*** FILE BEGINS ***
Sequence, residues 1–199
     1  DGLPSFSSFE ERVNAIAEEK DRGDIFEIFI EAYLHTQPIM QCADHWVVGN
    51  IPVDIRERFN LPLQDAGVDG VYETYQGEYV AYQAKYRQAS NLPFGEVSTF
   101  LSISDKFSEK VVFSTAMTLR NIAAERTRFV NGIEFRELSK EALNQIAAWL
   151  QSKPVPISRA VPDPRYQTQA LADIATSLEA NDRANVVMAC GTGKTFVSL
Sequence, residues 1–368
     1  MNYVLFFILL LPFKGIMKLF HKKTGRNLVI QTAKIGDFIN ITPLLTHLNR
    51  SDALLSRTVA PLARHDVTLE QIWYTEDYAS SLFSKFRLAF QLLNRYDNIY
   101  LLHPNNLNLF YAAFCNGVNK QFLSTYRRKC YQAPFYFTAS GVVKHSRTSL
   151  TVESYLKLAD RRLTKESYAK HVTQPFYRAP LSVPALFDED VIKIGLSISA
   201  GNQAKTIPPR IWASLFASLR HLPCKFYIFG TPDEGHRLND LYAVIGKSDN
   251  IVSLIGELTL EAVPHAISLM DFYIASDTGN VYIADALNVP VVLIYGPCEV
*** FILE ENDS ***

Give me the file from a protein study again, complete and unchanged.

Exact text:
Sequence, residues 1–199
     1  DGLPSFSSFE ERVNAIAEEK DRGDIFEIFI EAYLHTQPIM QCADHWVVGN
    51  IPVDIRERFN LPLQDAGVDG VYETYQGEYV AYQAKYRQAS NLPFGEVSTF
   101  LSISDKFSEK VVFSTAMTLR NIAAERTRFV NGIEFRELSK EALNQIAAWL
   151  QSKPVPISRA VPDPRYQTQA LADIATSLEA NDRANVVMAC GTGKTFVSL
Sequence, residues 1–368
     1  MNYVLFFILL LPFKGIMKLF HKKTGRNLVI QTAKIGDFIN ITPLLTHLNR
    51  SDALLSRTVA PLARHDVTLE QIWYTEDYAS SLFSKFRLAF QLLNRYDNIY
   101  LLHPNNLNLF YAAFCNGVNK QFLSTYRRKC YQAPFYFTAS GVVKHSRTSL
   151  TVESYLKLAD RRLTKESYAK HVTQPFYRAP LSVPALFDED VIKIGLSISA
   201  GNQAKTIPPR IWASLFASLR HLPCKFYIFG TPDEGHRLND LYAVIGKSDN
   251  IVSLIGELTL EAVPHAISLM DFYIASDTGN VYIADALNVP VVLIYGPCEV